ZHANG: No, not that artistic. [Laughter.] Not that great. The first day of school, and of course being my first time in Beijing, I'm from the countryside, there was a French film, Fantômas, which was like an 007 type of a movie, with a car chase, gun fights, women on the beach with bikinis. It was like, "I've never seen movies like this." I was completely dumbfounded watching that.
GALLOWAY: Would you like to direct a James Bond film?
ZHANG: Sure, I would. Yeah, because of that movie. [Laughter.]
GALLOWAY: You left film school. You went into the provinces, and became an extraordinary cinematographer. You helped launch the Fifth Generation with films like Yellow Earth, and then you got to make your first film. Red Sorghum.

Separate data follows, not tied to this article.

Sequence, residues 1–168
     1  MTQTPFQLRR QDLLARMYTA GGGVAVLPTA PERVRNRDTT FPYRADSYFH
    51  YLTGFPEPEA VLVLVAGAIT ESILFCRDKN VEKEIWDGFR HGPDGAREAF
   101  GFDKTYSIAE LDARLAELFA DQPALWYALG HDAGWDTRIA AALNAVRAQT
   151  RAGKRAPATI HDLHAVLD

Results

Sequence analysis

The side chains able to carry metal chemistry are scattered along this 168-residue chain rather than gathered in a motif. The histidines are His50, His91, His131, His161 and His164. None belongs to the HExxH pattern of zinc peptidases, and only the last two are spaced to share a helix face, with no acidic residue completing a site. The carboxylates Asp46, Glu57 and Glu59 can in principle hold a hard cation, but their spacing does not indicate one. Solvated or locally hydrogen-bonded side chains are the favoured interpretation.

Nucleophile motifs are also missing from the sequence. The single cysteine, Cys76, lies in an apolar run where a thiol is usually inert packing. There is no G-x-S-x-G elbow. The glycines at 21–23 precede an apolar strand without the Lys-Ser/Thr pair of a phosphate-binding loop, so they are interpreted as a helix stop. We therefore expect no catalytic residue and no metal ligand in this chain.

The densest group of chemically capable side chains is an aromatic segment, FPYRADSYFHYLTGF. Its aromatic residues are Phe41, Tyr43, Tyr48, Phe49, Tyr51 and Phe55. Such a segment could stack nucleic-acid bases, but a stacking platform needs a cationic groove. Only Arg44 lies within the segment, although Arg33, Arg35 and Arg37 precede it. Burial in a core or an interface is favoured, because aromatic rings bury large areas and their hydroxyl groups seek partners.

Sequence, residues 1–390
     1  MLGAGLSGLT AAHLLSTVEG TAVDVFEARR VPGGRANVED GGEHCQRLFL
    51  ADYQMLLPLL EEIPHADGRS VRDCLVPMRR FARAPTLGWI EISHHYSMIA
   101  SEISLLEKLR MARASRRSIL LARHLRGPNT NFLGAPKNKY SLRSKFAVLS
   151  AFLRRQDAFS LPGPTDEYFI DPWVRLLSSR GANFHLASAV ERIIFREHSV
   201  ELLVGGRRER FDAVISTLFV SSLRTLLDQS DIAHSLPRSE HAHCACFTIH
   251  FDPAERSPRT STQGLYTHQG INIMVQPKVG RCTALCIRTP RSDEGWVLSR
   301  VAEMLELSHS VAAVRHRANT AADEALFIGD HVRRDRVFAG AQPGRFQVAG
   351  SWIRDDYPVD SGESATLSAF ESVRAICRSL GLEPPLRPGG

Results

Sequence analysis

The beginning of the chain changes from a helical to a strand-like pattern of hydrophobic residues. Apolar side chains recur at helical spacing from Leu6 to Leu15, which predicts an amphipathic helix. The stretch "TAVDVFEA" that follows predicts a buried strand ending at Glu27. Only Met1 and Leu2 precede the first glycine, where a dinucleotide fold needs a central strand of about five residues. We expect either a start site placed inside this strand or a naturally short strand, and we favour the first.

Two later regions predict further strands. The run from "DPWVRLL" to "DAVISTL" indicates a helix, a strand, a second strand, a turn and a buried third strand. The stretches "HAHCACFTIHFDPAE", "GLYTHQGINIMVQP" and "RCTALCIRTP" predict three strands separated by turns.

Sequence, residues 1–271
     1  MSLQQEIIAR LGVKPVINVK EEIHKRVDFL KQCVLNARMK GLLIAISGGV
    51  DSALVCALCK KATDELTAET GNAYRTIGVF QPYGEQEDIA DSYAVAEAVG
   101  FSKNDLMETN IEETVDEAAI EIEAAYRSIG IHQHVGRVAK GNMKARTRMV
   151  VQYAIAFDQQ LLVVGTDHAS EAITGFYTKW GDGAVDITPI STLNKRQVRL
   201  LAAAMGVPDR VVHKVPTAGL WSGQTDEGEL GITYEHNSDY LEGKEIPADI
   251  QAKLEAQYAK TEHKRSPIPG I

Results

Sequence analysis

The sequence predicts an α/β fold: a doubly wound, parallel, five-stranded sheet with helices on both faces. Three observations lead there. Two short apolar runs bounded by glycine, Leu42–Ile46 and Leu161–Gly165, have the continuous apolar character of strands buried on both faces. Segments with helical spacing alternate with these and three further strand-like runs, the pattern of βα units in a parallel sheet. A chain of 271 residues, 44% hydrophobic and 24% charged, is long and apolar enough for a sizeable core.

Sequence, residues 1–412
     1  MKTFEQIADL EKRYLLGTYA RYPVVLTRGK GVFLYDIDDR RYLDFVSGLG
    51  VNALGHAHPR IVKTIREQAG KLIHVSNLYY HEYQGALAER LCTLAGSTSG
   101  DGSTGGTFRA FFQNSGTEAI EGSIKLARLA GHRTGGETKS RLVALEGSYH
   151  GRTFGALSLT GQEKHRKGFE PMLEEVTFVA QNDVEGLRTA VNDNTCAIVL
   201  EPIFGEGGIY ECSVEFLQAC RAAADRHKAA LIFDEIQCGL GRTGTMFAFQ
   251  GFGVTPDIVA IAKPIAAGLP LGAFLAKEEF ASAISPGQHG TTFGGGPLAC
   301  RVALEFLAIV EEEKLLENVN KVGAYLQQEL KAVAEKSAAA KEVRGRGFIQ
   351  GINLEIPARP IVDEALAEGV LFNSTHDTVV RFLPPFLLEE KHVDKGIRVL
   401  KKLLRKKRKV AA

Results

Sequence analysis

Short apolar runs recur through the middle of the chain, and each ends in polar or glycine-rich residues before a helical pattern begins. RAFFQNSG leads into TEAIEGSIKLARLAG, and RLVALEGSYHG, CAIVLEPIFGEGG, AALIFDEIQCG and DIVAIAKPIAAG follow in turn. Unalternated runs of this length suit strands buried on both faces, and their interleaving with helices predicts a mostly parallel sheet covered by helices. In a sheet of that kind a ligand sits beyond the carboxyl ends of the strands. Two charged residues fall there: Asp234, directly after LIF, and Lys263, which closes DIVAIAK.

GALLOWAY: How do you feel when you see that film again?
ZHANG: It's very interesting that you selected this clip. [The clip is from the early part of the film, when Gong Li is being carried in a sedan chair.] I've seen many different parts of Red Sorghum, but this is the first time I've seen this clip. It's probably 20, 30 years since I last saw it.
GALLOWAY: Do you like it?
ZHANG: Yeah. The guy who plays the bandit was our AD.
GALLOWAY: Gong Li, this was an extraordinary collaboration. You made, I think, your first seven films with her. Tell me how you first met.